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Is London's skyline the limit for new tall buildings?

A group of architects, sculptors, writers and critics has started a lobby group to push for a “skyline commission” to examine existing proposals for up to 230 new tall buildings in London. 

The initiative has been galvanised into action by a new exhibition at New London Architecture, a design forum based in the capital, which will highlight the many new skyscrapers being planned for London.

All of this comes against the backdrop of London’s population rising by 100,000 a year and with significant numbers of international investors in the city’s property market. 

In addition, London boroughs, in common with other councils, have been offered council tax and non-domestic rate incentives to develop their local economies. 

Given conservation and green belt restraints, developers are building upwards.

London’s skyline is the random sum-total of decisions made at three levels of government (borough, London-wide and Whitehall) over many years. The capital has beautiful enclaves of low-rise and suburban development, and there are already hundreds of towers. 

The 1960s and 1970s, in particular, scattered tall blocks of council housing from Hounslow to Havering; Croydon has a trademark ‘Manhattan skyline’.  

According to the lobbyists’ letter to The Observer, “Planning and political systems are proving inadequate to protect the valued qualities of London…The official policy is that tall buildings should be ‘well designed and in the right place’, yet implementation of policy is fragmented and weak.”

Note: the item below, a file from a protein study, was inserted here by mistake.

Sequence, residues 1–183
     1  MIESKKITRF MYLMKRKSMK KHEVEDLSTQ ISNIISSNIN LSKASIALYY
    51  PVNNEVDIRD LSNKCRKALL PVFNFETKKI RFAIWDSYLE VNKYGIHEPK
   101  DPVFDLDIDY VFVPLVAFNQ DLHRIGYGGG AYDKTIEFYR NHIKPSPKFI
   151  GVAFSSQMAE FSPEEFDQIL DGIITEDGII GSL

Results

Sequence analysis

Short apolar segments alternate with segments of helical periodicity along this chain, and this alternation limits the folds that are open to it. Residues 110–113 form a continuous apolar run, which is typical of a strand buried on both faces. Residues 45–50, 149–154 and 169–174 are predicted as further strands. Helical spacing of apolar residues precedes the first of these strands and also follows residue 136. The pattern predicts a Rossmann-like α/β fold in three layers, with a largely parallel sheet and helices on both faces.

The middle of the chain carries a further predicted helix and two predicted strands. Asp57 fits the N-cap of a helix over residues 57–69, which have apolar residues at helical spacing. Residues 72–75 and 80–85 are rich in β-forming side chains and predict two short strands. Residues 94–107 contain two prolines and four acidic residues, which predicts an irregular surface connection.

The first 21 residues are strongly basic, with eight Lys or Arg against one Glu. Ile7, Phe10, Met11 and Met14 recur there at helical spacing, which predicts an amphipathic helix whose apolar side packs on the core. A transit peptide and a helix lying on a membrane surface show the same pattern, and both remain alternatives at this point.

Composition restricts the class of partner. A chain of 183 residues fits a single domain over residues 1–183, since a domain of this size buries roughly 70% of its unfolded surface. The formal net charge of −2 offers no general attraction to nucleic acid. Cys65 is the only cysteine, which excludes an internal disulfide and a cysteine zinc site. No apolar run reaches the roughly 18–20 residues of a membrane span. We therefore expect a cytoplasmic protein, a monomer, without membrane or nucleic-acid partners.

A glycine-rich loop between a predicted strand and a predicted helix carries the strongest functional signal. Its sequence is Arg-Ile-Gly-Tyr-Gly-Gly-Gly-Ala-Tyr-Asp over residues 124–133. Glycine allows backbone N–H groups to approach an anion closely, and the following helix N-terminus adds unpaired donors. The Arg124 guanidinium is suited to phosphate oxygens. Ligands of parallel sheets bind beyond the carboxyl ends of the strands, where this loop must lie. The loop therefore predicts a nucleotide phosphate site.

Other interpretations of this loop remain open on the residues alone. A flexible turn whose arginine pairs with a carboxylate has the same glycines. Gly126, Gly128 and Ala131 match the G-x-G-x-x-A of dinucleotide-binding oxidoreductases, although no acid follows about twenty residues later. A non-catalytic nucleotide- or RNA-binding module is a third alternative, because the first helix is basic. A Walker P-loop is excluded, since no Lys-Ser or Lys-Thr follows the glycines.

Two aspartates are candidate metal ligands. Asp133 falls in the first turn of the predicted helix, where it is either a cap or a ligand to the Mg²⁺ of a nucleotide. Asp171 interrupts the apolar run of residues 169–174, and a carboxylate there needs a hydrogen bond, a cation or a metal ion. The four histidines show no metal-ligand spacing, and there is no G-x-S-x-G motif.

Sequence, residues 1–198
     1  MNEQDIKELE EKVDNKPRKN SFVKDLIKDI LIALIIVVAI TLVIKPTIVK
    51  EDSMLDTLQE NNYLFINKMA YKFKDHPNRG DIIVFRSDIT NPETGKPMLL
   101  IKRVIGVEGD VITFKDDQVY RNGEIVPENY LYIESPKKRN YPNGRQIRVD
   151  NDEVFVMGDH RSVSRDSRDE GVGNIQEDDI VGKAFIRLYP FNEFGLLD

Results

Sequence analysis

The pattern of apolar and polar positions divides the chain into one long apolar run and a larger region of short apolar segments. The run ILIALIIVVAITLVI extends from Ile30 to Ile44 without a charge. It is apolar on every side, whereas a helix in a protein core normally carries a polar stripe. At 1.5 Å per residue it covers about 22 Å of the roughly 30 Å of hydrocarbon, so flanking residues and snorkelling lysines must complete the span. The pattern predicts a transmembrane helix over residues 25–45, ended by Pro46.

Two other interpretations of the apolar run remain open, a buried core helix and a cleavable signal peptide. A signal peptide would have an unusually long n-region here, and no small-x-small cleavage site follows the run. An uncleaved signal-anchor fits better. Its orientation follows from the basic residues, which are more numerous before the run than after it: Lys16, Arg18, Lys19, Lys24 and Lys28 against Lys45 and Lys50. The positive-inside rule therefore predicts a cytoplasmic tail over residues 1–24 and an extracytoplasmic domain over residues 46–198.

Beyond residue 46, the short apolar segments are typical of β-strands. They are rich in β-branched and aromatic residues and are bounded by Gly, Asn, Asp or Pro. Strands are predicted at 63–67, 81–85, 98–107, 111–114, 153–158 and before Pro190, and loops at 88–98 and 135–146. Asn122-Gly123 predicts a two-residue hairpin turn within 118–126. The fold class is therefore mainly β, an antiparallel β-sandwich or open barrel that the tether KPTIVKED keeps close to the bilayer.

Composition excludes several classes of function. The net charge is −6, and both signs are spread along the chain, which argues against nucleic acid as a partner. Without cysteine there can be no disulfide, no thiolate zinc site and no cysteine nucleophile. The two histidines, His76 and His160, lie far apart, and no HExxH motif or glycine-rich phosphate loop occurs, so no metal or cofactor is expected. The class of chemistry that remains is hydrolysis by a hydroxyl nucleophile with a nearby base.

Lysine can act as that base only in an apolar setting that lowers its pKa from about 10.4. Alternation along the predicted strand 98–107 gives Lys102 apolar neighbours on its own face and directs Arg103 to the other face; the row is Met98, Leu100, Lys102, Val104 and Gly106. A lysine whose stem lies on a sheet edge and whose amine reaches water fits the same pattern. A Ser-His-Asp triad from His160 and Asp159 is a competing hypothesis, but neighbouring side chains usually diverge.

While it is true that all decisions about planning are, in the last resort, made by politicians, there is always room for aesthetic advice. 

The new lobby group would doubtless wish that a group of experts might take over the planning process and stop at least some of the proposed new buildings. 

Simply drawing up new guidelines would not be sufficient to avoid bad decisions: words such as “high quality of design” are capable of many interpretations. 

As in many walks of life, it is tempting to give controversial decisions to independent outsiders.  Politicians now have such a poor reputation that ‘experts’ are seen as better able to do the right thing. 

But it is hard to see anyone apart from politicians having the legitimacy to make once-in-a-lifetime decisions about the skylines of our great cities.      

Tony Travers is director of the Greater London Group at the London School of Economics.

The Skyline campaign was launched on Sunday by the Architect’s Journal and the Observer to campaign against “a glut of poorly designed towers ruining London’s skyline”.

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